"Justice" Scalia wrote in the Hamdan case that "the very core of
liberty secured by our Anglo-Saxon system of separated powers has been
freedom from indefinite imprisonment at the will of the Executive."
That very core of liberty died on October 17, 2006 with the signing of
the Military Commissions Act of 2006 and its elimination of habeas
Oh yeah, it also legalized torture wholesale. While misleadingly purporting to prohibit a few forms, upon full analysis it prohibits none. But who's going to know since your relatives won't be able to find out where you are anyway, right? Habeas corpus ("produce the body") was not supposed to mean habeas corpses. Habeas corpus started as soon as human beings had the yearning to breathe free of the abuses of unchecked power of a king, aristocrat or lord, starting around the year 1215. We now have a pre-1215 mentality, all because of fear of some primitive and violent guys living in caves somewhere. Many of us are not intimidated.
Yet the same day as the signing of this Military Commissions Act of 2006, a lawyer following her ethical duty to represent her client and ill with breast cancer was sentenced to 2 and a half years in prison for the simple act of issuing a press release on behalf of a terrorist client in prison, which was judged "materially aiding" terrorism. (Such press releases for unpopular clients are hardly ever printed verbatim in any respect by newspapers, yet the allegation was that there could be a coded communication in the press release and there was a no-communication order in effect.) While this terrorist is a genuine terrorist, there's nothing in the law that distinguishes between representing serious terrorists and representing "innocent terrorists" (if there is such a thing) or minor ones, but in any case, remember, they don't need to comply with habeas and show that you are guilty anyway! At most, they just think to themselves "this guy's a terrorist" and you disappear into the torture chamber with no right to be heard from, even indirectly through your lawyer, which you have no enforceable right to anyway.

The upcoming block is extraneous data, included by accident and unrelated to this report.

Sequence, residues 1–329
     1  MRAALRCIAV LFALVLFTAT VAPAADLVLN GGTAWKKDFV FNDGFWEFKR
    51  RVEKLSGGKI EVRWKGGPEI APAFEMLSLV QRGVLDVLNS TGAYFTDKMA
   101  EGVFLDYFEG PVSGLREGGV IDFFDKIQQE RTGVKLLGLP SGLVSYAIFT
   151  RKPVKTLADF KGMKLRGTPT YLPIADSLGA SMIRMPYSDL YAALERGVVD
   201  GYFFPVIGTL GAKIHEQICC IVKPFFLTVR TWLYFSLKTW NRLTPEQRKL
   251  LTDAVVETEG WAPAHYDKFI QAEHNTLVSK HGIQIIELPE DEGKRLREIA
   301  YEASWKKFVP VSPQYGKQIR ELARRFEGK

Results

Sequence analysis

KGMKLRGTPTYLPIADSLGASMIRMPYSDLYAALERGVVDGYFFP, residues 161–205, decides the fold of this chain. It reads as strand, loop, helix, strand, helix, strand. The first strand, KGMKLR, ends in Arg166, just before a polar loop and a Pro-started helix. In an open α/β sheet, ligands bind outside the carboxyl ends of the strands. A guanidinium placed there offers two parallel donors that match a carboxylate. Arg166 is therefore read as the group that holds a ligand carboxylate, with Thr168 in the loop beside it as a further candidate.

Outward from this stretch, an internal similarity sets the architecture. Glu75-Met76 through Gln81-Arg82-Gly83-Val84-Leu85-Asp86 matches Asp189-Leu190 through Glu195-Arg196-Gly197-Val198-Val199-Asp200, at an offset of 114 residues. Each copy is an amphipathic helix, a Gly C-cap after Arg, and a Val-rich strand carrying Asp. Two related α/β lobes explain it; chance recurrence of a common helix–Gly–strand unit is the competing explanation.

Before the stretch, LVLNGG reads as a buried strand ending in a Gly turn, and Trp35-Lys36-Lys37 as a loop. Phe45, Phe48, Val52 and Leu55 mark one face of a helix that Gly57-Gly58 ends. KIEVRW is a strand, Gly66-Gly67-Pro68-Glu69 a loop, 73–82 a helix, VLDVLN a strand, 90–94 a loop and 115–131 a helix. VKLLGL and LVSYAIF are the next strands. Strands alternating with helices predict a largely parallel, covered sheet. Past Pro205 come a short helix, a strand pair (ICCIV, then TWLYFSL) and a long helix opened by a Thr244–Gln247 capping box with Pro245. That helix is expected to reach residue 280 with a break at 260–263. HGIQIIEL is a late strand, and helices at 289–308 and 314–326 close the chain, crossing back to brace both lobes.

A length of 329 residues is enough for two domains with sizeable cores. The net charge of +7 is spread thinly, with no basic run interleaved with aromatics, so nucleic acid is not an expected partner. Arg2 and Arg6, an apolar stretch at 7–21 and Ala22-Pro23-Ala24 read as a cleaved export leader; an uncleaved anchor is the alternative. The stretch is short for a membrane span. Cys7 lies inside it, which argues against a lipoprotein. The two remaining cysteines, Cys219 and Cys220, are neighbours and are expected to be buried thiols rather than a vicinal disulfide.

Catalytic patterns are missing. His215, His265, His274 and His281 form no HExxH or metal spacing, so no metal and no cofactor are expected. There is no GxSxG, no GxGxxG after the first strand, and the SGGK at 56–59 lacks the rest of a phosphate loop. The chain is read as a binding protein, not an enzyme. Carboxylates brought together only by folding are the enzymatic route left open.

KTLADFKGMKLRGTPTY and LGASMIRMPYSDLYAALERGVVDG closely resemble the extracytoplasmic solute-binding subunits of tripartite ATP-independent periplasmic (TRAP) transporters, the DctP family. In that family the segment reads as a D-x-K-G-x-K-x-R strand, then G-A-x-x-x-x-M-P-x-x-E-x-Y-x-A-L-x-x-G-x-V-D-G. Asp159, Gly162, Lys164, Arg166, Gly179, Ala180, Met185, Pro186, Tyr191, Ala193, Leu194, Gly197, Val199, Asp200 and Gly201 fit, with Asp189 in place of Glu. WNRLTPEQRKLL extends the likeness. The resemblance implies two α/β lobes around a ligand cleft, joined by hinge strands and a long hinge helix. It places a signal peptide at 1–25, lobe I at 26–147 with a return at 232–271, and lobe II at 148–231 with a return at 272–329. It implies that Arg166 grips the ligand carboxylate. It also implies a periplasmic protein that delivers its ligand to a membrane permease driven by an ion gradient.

Even public opinion will likely not catch up with this because people will just disappear and who knows, maybe the missing person just went off on a lark or a fugue to start a new life, right?
Consequently, on October 17, 2006 freedom died in the United States of America. We now live in a dictatorship. We live in a dictatorship even if you think George W. Bush will be a wise and beneficent king or dictator. It is defined as the possession of absolute power as opposed to checks and balances.
In the Keith Olbermann commentary at the first youtube link below; I agree with Professor Turley (Constitutional Law) that people "really have no idea how significant this is." Turley says we now have an "absolute ruler" which is really just another way of saying dictatorship. He's not kidding. I'm not kidding.
I'll be releasing an extended (and devastating, early readers say) critical piece on this within 48 hours, but in the meantime and after that please consider the importance of this issue is at a WHOLE OTHER LEVEL. It's not an "issue" that we form polite activist groups to respond to.
The Executive Branch now has full discretion to imprison anybody they want to without charge or trial or bail and there will be nothing anybody can do except beg the King. I.e. there's no rule of law applicable to the administration. EVERY SINGLE AMERICAN LAW was essentially repealed, because the administration need not prove to anybody that it has complied with the law by indefinitely detaining you, your relative or anyone else.
The only thing I don't agree with Turley on is this: There is not a giant Yawn, there are a lot of people shocked, many crying, millions disturbed, millions more waking up. It's always hard to be among the first to know and to wait for the rest of the country to catch up, but somebody has to be in that position. Let's not, because we are among the first millions to wake up, send out the message that getting the American dream back is relatively hopeless based on the Yawn seemingly heard today. After all, there is no media echo besides Olbermann to get the word out and reinforce it. But there will be. I also disagree with Turley's approach, even as he makes strongly worded comments that are nevertheless scholarly and restrained in tone and volume, because it's inappropriate and (if you believe in Constitutional rights) not unlike talking in a similar dispassionate tone when a masked man walks into your local elementary school with automatic weapons drawn.
For a more appropriate tone, here's another two minute video below that was filmed right before this bill was signed but it nevertheless applies to this situation, and gives advice on what to do when "they come for your freedom." Paul Revere said "the Redcoats are coming". Today, "the Redcoats already came."
These situation of legalizing torture and eliminating habeas corpus is WAY WAY WAY "out there" in terms of extreme. Bush and his administration are incredibly isolated now, seeking to legalize the very things we prosecuted ourselves in WWII like waterboarding. If I hear anyone even IMPLY that we live in a free country, the correction will be swift. WE DO NOT LIVE IN A FREE COUNTRY ANY MORE. PERIOD.
The hopeful note is this: We can recognize how incredibly isolated both in the world and in our own country this Administration is, and we can turn away, and withdraw any remaining support and respect. But, if we react just in fear, whether fear of Gitmo or fear of torture or fear of terrorists, the dark curtain of dictatorship will descend further and their power will consolidate. In the end, Americans will not be denied freedom in a struggle for freedom on their own soil.
"Freedom is Under Attack" -- Rollins (f-bomb warning, but appropriate IMHO in this context)